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September 2013 Archives

Authorities arrest fisherman accused of witness retaliation

A commercial fisherman licensed in the state of Maryland has been accused of federal crimes. Allegedly, the 41-year-old from Tilghman Island, Maryland, was involved in fishing that violated the Lacey Act. Investigators were looking into felony crimes included harvesting striped bass from the Chesapeake Bay in an illegal manner. The man was recently arrested and was also charged with witness tampering and retaliation in association with the investigation.

Can the cops look through your cell phone?

Technological innovations have brought the practices surrounding search and seizure into question, as many people have argued that their cases involve illegal forms of the typical police habit. The problem is a constitutional one, stemming from the ways that Fourth Amendment rights interact with new technology like smartphones, DNA and global positioning systems. Many of the questions concern whether a warrant is necessary: Can a police officer search your phone to look for incriminating videos, texts, pictures and emails without a warrant? Can a car belonging to a potential defendant be tagged with a GPS tracker to determine if any criminal activity can be associated with that individual? Can a DNA swab be taken so that your chemical makeup can be placed into a database for past and future crimes?

2 out-of-state teens accused of marijuana possession

Two teenagers from another state have been arrested in Maryland. According to the Kent County Sheriff's Office, the two 18-year-olds were taken into custody after a traffic stop. Police said that the two were charged with drug possession after the vehicle they were in was allegedly seen traveling faster than a posted speed limit. The incident occurred last month on Route 301.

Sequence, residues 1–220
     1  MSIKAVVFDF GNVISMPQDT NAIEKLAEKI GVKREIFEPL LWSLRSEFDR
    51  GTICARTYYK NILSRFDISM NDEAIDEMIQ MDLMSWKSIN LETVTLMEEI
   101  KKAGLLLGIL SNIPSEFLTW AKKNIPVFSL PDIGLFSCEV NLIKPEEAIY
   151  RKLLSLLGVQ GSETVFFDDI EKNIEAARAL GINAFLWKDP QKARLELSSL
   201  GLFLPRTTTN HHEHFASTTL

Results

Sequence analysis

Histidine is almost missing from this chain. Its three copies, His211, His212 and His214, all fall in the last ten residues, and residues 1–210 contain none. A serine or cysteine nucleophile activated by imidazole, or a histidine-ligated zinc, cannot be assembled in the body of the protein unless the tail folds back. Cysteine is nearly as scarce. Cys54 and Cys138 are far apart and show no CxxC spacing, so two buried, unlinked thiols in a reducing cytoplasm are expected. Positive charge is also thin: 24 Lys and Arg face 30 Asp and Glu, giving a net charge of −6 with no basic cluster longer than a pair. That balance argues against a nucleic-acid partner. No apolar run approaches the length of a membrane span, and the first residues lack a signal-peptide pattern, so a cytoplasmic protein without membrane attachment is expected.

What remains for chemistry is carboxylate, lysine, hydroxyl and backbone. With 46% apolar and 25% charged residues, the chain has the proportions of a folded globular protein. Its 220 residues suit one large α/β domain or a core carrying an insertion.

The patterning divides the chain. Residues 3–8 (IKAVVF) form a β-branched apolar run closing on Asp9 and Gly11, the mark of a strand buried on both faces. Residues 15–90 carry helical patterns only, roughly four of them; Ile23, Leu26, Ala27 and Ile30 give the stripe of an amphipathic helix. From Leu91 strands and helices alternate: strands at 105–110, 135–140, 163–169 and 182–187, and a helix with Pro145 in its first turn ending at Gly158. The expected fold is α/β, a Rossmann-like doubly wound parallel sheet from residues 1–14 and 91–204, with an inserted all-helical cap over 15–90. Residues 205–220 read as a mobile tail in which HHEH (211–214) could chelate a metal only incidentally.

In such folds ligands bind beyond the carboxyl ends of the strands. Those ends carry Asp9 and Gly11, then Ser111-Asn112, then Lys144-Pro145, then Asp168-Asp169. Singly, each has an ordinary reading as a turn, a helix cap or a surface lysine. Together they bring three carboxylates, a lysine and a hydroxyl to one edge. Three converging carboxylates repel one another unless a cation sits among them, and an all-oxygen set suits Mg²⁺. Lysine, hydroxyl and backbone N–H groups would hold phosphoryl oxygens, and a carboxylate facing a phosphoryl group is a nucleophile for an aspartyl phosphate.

DUI conviction could carry over to nearby states

Drinking and driving laws vary from state to state, and with so many states in close proximity in New England, it is important to understand the differences. For those living in Prince Georges County, Maryland, drunk driving charges often depend on the history of the driver that is defending against such accusations. First-time offenders in Maryland can be fined up to $1,000 for getting behind the wheel of a vehicle while under the influence of alcohol. Those defending against Tier 1 charges and have no previous offenses on their records can be sentenced to jail for a year. They can also have 12 points added to their driving record, which will increase insurance costs.

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